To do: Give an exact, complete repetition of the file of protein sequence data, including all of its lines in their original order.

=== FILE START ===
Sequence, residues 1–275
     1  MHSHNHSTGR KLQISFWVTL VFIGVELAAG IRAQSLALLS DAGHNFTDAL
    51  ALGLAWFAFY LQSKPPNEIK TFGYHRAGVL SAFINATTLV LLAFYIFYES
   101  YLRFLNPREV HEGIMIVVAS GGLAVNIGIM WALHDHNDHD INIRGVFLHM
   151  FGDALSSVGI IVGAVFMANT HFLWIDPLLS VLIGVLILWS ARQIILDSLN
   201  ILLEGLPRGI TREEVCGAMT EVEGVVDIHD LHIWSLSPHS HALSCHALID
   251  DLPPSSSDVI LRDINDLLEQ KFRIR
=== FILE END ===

Sequence, residues 1–275
     1  MHSHNHSTGR KLQISFWVTL VFIGVELAAG IRAQSLALLS DAGHNFTDAL
    51  ALGLAWFAFY LQSKPPNEIK TFGYHRAGVL SAFINATTLV LLAFYIFYES
   101  YLRFLNPREV HEGIMIVVAS GGLAVNIGIM WALHDHNDHD INIRGVFLHM
   151  FGDALSSVGI IVGAVFMANT HFLWIDPLLS VLIGVLILWS ARQIILDSLN
   201  ILLEGLPRGI TREEVCGAMT EVEGVVDIHD LHIWSLSPHS HALSCHALID
   251  DLPPSSSDVI LRDINDLLEQ KFRIR